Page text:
Henry Lutaaya from the Sunrise Newspaper in Uganda shared the same idea.

“I came here with a hope to meet and exchange views with other journalists working on climate change issues.”

He suggested an improvement to the program.

“More experts from different background such as economists, social scientists, and environmentalists, to come and talk to us on the subject would be very very good,” said Henry while expressing his delight to be able to work together with Alex Kirby, a BBC veteran environmental journalist.

“We learn a lot from experienced journalists!”

Originally posted on Tue, 08/25/2009 - 13:13 at the following link:

Tuesday, 18 August 2009

Panos Nairobi Climate Change Workshop

Aku bakal ke Nairobi lagi. Kali ini buat ikut Panos Nairobi Climate Change Workshop (21-28 Agustus 09) yang diselenggarakan bagi para wartawan peliput 2nd World Congress of Agroforestry (WCA) di Nairobi, Kenya. WCA itu sendiri diselenggarakan kantorku World Agroforestry Centre (ICRAF) bekerjasama dengan UNEP (United Nations Environment Program). Kantor pusat ICRAF di Nairobi letaknya bersebelahan dengan UNEP di UN Avenue, Gigiri. Menurut cerita, penerima Nobel dari Kenya, Ibu Wangari Maathai akan hadir dan menjadi pembicara dalam acara WCA ini.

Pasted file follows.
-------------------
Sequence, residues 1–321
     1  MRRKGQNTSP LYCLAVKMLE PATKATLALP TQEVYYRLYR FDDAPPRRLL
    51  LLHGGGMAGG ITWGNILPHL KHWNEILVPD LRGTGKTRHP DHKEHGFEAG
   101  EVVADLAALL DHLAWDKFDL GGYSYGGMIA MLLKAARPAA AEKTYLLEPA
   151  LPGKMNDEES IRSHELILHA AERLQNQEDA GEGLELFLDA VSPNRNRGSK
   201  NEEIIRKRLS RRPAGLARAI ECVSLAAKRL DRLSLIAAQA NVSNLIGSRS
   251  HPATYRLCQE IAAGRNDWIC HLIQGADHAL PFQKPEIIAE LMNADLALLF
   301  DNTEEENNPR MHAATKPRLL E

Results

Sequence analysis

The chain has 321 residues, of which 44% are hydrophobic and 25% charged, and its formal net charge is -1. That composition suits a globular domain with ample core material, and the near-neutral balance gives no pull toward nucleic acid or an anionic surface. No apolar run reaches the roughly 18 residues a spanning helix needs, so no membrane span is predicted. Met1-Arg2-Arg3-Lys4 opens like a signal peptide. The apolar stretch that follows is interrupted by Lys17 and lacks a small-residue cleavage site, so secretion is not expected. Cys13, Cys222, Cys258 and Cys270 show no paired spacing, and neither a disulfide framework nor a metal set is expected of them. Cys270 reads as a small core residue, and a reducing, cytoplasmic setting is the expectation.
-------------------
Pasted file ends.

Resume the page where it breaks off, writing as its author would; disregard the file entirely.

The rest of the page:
Adalah CIFOR dan Panos yang mula-mula berinisiatif mengadakan workshop khusus bagi para wartawan di sela-sela berbagai sesi WCA. CIFOR adalah Pusat Penelitian Hutan yang berkantor pusat di Bogor sementara Panos merupakan lembaga yang mendorong partisipasi masyarakat miskin dan marjinal dalam pembangunan nasional maupun internasional melalui berbagai proyek media dan komunikasi. Kantor pusat Panos berada di London dan memiliki cabang di Nairobi.

Dengan tujuan membekali wartawan dalam peliputan isu-isu perubahan iklim, terutama menjelang Konferensi Perubahan Iklim di Copenhagen akhir tahun ini, CIFOR dan Panos bekerjasama membantu para wartawan memperluas cakrawala tentang isu-isu perubahan iklim. ICRAF Nairobi turut mendukung acara dengan menyediakan tempat workshop. Peneliti senior ICRAF dan CIFOR termasuk yang akan memberikan presentasi.

Kayak apa workshop wartawan? Ntar dech ceritanya kalo sudah sampe di Nairobi.